In the US, the justice system relies on plea bargains and summary judgements to keep the gears of justice working. If every arrest required a jury trial the costs would be significantly higher.
From the prospective of the suspect, whether or not to suspect a plea deal depends on the following equation that compares the cost of both options:
P = Probability of conviction
S(trial) = Trial sentence
S(plea) = Plea sentence
V = Psychic value of being found innocent rather than guilty
C = Cost of mounting defense
1. P*(S(trial)) + C - (1-P)*V > S(plea)
2. P*(S(trial)) + C - (1-P)*V < S(plea)
In scenario 1, it makes sense to take a plea deal. In scenario 2, it makes sense to fight the plea deal. In theory, the probability of conviction should vary with the defendant's knowledge of whether or not they actually committed the crime and many unnecessary trials can be avoided.
The issue comes because prosecutors realize early in their careers that they can make their time much easier by massively inflating the sentencing that defendants would face if the case went to a trial. Accepting a 2 year prison term can make more sense when the other option is a chance at being sentenced 30 years to life if the case goes to trial. This can be the case even if the defendant thinks they are actually innocent. This was famously done in the case of Aaron Schwartz
(Who was actually guilty, but of a relatively minor crime with a poorly written statute that allowed for multiple felony charges), in which the stress induced from this overreach helped drive a young programmer and activist to suicide.
As Orin Kerr notes:
"Yes, the prosecutors insisted on jail time and a felony conviction as part of a plea. But it is not particularly surprising for federal prosecutors to use those tactics. What’s unusual about the Swartz case is that it involved a highly charismatic defendant with very powerful friends in a position to object to these common practices."
The ability of prosecutors to bully defendants into plea deals doesn't mean the whole system needs to be revamped, but ways to reduce this imbalance of power should be addressed.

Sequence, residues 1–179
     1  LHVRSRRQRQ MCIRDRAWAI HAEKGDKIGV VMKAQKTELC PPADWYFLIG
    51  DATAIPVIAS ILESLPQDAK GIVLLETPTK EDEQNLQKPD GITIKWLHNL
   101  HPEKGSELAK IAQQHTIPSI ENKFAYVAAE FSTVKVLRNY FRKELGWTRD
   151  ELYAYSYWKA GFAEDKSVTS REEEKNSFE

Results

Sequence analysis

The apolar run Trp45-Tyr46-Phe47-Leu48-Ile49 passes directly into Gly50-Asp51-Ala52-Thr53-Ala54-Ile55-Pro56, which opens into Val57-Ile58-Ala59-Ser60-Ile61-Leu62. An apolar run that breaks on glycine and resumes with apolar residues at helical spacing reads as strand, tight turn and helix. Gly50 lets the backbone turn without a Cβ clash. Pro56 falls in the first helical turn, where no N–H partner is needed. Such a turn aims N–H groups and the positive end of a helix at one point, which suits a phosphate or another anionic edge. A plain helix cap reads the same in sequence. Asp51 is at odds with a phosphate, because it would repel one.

Some potential methods to prevent this:
1. Reduce maximum sentences for various crimes. This would be a very labor intensive process and would be difficult for politicians to back more reasonable sentencing guidelines without getting accused of being soft on crime. But there is a potential for the political environment to turn against the government in security matters. If proponents properly the frame the issue as one of preventing government misconduct there is a slim hope that this can be addressed.
2. Rather than fix individual measures, adopt a broad method such as forcing concurrent sentencing to be adopted over sequential sentencing for crimes of specific type would mean that prosecutors wouldn't be able to threaten quite as much prison time in order to force innocents to plead guilty.
California has a rule like this for single offenses
where a single act or omission can only be punished in one manner. Broadening this rule to include many individually committed crimes would prevent prosecutors from being able to throw the book at suspects. The caution would be in preventing scenarios where a criminal can commit one significant crime and then feels safe the they can commit any number of less significant crimes without many consequences.
3. Have plea deals cap the maximum potential time served. If a plea deal is offered by the prosecution, the maximum prison time sought by the state (or equivalent punishment) can only be 5 times the time of the offenses mentioned in the plea deal offered. If significant cooperation in other investigations is involved as a condition this cooperation can be made equivalent to X years served for the purpose of the calculation.
This way, people like Michael Milken might not have been incentivized to agree to the charges which led to him serving 22 months in prison because the prosecutor was trying to use RICO to put him in prison for life*. Once the 22 months are on the table the size of the stick the prosecutor is using changes from life to under 10 years. Because judges determine the sentencing they would have to be involved in signing off on plea agreements with pre-determined sentences, which might cause some additional complications. Maybe this should be reserved for cases defined as "high profile" when the prosecutor is also facing political pressure for a successful resolution.
There are probably other ways to make prosecutors more accountable. The path of a high profile victory against a public enemy towards a career in politics is an unfortunate one. But it isn't just the high profile cases that matter, it's the potential abuse of anyone who is being charged with trumped up charges in order to make them more pliable to a plea deal. Right now the United States has a system where if there is a target on your back, there will be laws that you violated
and the prosecutor can add them up until you agree to a plea deal.
It's a less than optimal system that badly needs to be addressed.
*Guiliani was the overreaching prosecutor
in the Michael Milken case. Milken only agreed to the charges which he thought would not lead to prison time after prosecutors threatened to go after his brother.